What sticks in your mind from 1999?
“The breakfast we had in the Berkeley Court at 9am and the buzz outside the windows of the hotel. We came down three or four days beforehand to do a lot of training so we missed a lot of the hype and we only picked it up that morning. That got the juices flowing! Travelling from the hotel to the ground, the bus was getting stopped in the streets. Then, we decided to do a bit of a lap before we came into the changing room to change shirts. Colomiers were still doing their warm-up and we ran right through the middle of them. The crowd just kicked off and you could see them thinking “oh dear, this is going to be a tough afternoon’. The game itself is a bit of a blur.”
Has the Heineken Cup moved on in stature since then?
“At the time it was hard to know what way it was going to go. It’s become massively commercial. It’s a massive world brand. For clubs to get to the final, financially, is huge. What comes with that is securing your future in terms of development behind the scenes, bringing players in, so it just springboards you into the next three or four years. That’s unlike what we did 13 years ago. Ulster didn’t capitalise on the commercialism of it and went backwards for a few years. They sat back on their laurels and said “we’ll do it again”. But we were getting on being an old team then and consequently got left behind.”
What do you like about the current squad?
“There’s a bit more togetherness about them than two or three years ago. They’ve grown mentally stronger. They were notorious for conceding in the four-minute window after scoring themselves, so they’d never put pressure on the opposition. They’ve improved that.”
How do you read the replacement of Brian McLaughlin as coach?
“Coaching is a nomadic thing anyway so that’s the nature of the beast. The way the whole thing has been handled has probably been a little bit ropey but it’s happened. You move on. For his sake I hope he goes out on a super high. He’s been the glue that stuck it all together and put it in the right direction. I think the guy who is going to have the most pressure is the incoming coach (Mark Anscombe). It’s all about timing. No-one has a crystal ball, no-one knows what the future holds. I’m sure, at times, David Humphreys has thought “goodness me” but he’s done a sterling job. He’s been able to get players in, strengthen the squad. It’s a process — it’s not an easy process — but he’s done well.”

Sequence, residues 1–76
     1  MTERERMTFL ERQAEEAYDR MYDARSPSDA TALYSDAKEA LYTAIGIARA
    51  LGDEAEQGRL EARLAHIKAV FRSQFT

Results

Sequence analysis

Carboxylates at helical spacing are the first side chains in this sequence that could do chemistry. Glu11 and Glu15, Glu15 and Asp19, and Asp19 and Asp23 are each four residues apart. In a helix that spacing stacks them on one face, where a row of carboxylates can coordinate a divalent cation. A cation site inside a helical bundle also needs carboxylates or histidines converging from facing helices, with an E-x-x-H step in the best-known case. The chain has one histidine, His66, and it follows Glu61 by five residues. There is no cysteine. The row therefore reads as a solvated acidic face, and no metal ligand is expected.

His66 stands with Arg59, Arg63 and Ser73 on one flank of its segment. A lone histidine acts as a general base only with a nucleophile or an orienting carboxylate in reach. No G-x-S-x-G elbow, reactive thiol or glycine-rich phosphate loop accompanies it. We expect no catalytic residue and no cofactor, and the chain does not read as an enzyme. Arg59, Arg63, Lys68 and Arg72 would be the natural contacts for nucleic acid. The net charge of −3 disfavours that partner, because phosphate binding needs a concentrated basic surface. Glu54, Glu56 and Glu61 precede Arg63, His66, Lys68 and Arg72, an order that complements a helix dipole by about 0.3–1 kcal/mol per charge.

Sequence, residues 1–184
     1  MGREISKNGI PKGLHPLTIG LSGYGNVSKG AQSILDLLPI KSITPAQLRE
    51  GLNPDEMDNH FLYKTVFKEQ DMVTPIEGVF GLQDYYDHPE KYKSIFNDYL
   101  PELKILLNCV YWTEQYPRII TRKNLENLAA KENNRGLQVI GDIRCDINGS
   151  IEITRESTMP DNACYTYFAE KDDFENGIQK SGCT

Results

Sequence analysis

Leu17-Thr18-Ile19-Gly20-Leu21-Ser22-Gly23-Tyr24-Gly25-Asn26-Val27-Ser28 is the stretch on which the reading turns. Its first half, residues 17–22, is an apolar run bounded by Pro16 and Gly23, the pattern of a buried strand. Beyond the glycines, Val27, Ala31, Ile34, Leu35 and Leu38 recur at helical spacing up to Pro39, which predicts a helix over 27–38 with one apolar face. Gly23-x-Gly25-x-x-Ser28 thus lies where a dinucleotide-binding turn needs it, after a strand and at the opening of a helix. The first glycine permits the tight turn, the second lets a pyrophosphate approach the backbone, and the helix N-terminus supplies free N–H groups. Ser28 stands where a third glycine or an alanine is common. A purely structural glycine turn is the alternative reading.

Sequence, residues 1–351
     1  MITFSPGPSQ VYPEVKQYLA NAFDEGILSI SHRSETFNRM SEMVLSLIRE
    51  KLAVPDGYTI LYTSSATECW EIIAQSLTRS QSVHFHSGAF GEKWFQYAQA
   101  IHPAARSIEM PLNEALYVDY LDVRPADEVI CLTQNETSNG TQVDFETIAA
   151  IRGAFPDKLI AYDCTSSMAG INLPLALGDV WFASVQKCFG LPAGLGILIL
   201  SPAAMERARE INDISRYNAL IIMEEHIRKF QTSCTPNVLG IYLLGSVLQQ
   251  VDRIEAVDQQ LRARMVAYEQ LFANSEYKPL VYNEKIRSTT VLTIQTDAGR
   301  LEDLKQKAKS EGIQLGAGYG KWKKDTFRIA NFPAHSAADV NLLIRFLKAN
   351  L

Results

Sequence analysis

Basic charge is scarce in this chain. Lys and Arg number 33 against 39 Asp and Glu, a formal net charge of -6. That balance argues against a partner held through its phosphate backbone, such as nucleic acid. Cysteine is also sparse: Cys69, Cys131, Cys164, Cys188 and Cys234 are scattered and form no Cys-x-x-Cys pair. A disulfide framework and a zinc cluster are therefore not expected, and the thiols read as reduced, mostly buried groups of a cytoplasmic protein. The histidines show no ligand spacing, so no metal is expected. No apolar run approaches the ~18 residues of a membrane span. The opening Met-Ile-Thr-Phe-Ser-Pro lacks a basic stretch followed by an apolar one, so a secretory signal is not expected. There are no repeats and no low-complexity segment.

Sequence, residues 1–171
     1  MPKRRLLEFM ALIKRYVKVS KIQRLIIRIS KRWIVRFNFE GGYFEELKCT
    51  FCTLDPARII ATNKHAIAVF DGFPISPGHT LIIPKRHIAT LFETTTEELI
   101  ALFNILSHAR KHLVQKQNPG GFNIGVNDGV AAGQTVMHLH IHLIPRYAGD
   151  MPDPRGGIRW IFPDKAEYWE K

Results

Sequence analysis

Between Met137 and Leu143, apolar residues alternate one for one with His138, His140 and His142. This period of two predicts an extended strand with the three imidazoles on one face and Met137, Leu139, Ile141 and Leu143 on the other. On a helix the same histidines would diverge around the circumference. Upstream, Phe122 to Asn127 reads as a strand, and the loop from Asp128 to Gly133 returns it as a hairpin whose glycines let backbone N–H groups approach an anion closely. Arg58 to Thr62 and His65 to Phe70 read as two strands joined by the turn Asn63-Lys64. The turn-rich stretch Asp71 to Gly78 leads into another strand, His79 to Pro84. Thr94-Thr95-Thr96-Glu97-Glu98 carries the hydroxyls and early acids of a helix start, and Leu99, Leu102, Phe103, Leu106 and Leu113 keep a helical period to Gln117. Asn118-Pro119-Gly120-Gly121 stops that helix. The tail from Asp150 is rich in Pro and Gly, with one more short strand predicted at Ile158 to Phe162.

How important is buying into the Ulster culture?
“It has to be the most important ingredient as a coach to get a foreign player into the culture. What it means to pull on the Ulster, Munster of Leinster shirt. It has to represent something. It’s been a key thing for Ulster and a lot of credit goes to Brian and the team for that. Four years ago, that identity had been lost. It was a ‘me, myself and I’ syndrome. Now, the Ruan Pienaars, Johann Mullers, John Afoas… they’ve all bought into it.”
What do Ulster need to do to shock Leinster?
“All track records go out the door when you’re playing a final. There are a lot of different circumstances floating around. Ulster have to look at it that way. They can’t dwell on the past. Otherwise they’ll be beat before they leave the dressing room. If you let Leinster play on their terms, you can’t beat them. Step up to them, knock them back, slow things down, get that front-foot ball off them and you give yourself a chance.”
* Former Heineken Cup winner with Ulster, Andy Ward, was in Dublin to officially launch Heineken Star Saturday, taking place today. Heineken invites rugby and soccer fans to enjoy the UEFA Champions League final and the Heineken Cup final in the pub — the best stadium on earth. For participating venues across Ireland check out www.heineken.ie/starsaturday
Words: Darragh Ó Conchúir
Follow Leinster's exertions against Ulster on our live Heineken Cup blog from London at 4pm tomorrow. It will be epic.
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